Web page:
Grassroots support for small manufacturers in the world’s poorer countries could help finally end the cycle of poverty and overseas aid dependence, Macquarie Business School research suggests.
Poverty to prosperity: Many people earn as little as $2 a day in less developed countries.
Dominance of third world markets by Western multinationals and a focus on government-led social policy and overseas aid has failed to stimulate lasting prosperity in most poorer countries, says Professor Aron O’Cass, head of the Department of Marketing at the Macquarie Business School.
“Upwards of two thirds of the world’s population live at the bottom of the economic pyramid, most in less developed countries, where many people earn as little as $2 a day,” says O’Cass. “The usual approach to supporting these countries has been at the government and social policy level, not down on the ground. Our view is that if a BoP [bottom of the pyramid] country is to become prosperous, it needs a viable local manufacturing sector, because that’s where employment comes from.”
Manufacturers in developing countries face challenges unfamiliar to those in the West, with limited power, telecommunications and transport infrastructure making distribution and marketing of goods much more difficult.
These challenges are compounded when these countries are flooded with products from global multinationals, often those for which there is no longer a viable market in the West, such as older-model mobile phones.
The question is how we help these countries grow economically—and it isn’t by helping them buy products from the West.
The Macquarie research considered ways to alleviate these systemic problems and generate sustainable prosperity by supporting local manufacturing. With Africa seen as a big opportunity for local and international businesses, it looked at 150 established manufacturing companies in Ethiopia, a country with an estimated market potential of $84 billion according to the International Finance Corporation, which estimates the potential of the wider sub-Saharan region at $429 billion.
“The question is how we help these countries grow economically—and it isn’t by helping them buy products from the West,” O’Cass says. “It’s about developing their own manufacturing base, with products that are designed for the needs of local markets. For example, one of the products we looked at was a solar-powered oven to replace the open cooking fires that create pollution and result in people breathing toxic soot.”
Affordable, relevant products are critical
The research also looked at a firm in Addis Ababa that produces low-cost high protein foods to reduce malnutrition in children, and makes maize, soya bean and corn-based food supplements for use in famine-stricken areas.
A better world: everybody should have what they need, says Professor O'Cass.
“We found that a different approach to product innovation is required in BoP countries than in the West,” he says. “BoP firms need to create affordable products that meet people’s needs but without complex features, which are often irrelevant in their local markets. Effective marketing and customer perception of what we term ‘affordable value’ is critical.”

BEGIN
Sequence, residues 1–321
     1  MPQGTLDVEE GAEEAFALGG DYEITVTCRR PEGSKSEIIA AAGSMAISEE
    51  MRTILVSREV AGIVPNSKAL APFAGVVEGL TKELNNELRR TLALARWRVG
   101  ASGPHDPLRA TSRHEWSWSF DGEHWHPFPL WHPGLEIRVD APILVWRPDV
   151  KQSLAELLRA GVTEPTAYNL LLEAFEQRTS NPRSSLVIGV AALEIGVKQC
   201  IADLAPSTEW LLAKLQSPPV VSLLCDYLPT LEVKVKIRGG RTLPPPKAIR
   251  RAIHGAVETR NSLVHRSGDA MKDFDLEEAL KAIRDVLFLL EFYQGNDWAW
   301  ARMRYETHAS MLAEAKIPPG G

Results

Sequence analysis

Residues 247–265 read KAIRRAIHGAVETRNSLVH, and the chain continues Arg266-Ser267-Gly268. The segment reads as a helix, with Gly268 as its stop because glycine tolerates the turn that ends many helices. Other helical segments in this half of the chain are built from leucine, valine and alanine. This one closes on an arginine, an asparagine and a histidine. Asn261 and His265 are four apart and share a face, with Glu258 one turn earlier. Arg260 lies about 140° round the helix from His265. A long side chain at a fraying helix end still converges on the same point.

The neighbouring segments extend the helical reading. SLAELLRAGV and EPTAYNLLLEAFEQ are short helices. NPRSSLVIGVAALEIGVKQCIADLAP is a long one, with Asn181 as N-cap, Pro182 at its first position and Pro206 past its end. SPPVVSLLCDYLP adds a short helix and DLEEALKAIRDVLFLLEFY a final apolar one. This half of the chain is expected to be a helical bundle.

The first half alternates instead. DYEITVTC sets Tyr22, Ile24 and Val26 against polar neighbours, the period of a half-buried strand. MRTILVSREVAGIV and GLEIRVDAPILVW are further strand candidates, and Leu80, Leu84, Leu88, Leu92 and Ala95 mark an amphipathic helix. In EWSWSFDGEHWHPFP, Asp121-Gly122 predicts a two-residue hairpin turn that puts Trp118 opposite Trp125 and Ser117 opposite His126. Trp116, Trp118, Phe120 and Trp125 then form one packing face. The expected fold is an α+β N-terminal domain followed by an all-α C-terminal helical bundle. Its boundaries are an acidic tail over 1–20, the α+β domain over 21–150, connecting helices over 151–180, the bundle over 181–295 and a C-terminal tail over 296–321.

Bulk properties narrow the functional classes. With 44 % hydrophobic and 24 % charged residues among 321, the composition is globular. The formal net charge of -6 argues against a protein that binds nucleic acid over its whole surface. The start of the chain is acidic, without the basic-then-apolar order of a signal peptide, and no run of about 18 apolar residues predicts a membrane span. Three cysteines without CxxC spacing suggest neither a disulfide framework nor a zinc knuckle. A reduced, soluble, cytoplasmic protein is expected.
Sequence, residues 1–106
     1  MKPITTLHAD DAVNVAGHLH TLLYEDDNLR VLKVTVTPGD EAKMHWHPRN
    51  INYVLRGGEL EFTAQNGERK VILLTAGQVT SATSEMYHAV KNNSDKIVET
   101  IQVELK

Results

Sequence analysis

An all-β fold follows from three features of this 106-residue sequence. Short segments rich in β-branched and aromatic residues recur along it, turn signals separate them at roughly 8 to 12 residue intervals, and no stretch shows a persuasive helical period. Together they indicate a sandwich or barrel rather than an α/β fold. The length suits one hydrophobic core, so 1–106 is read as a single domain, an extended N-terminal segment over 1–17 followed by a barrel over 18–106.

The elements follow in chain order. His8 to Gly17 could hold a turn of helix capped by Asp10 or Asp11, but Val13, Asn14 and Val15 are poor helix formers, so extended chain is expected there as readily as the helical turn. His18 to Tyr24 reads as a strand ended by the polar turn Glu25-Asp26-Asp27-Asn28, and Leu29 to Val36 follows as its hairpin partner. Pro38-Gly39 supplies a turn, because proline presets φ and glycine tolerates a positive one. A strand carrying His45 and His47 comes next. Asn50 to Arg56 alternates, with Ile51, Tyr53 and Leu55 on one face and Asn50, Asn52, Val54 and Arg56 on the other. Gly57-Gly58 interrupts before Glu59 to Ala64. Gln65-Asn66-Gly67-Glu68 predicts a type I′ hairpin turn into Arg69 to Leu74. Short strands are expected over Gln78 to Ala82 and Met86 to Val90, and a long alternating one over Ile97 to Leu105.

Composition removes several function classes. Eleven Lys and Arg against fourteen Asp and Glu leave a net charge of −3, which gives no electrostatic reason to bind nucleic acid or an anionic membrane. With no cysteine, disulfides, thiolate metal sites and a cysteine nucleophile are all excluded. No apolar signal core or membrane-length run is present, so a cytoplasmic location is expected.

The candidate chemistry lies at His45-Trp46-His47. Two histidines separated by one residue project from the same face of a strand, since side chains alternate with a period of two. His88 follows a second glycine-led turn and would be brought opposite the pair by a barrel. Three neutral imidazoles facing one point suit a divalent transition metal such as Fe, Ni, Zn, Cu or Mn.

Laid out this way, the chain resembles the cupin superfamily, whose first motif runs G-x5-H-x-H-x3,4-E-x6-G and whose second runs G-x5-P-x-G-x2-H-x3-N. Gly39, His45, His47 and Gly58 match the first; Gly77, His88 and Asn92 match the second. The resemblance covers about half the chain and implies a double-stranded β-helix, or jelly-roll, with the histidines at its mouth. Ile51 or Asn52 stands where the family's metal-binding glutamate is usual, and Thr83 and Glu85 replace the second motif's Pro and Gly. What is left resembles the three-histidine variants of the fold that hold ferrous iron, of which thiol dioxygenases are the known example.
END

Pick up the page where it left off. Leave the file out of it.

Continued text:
- Big History gets even bigger, thanks to Bill Gates
- Working from home is more productive, but bosses don't like it
A keen awareness of cultural effects is also important. “In BoP countries, small communities are often very close-knit and local issues are still determined locally,” O’Cass says.
“For example, many regions of Ethiopia still have tribal chiefs as on-the-ground leaders, whereas here we rely on state and federal government. Our research found that local not-for-profit organisations are often therefore the key trigger to supporting product innovation.”
How can we help countries develop in a way that increases their people’s life satisfaction—so they can go to the supermarket, rather than waiting for the next aid shipment.
While competition from Western multinationals can be a threat to fledgling BoP manufacturers, he believes it could instead create an environment where overseas companies see local firms as potential collaborators rather than competitors. “One of our findings was that the more these organisations collaborate, the more successful they become,” he says.
“Ultimately it’s about supporting the development of a world where everybody has what they need, rather than some people having everything and some virtually nothing. And they have nothing because Western nations keep all the sophisticated industry and technology to themselves.
“This was the underlying rationale for our research: how can we help BoP countries develop in a way that increases their people’s life satisfaction—so they can go to the supermarket and buy what they need, rather than waiting for the next aid shipment.”
Professor Aron O'Cass is Head of the Department of Marketing.at the Macquarie Business School.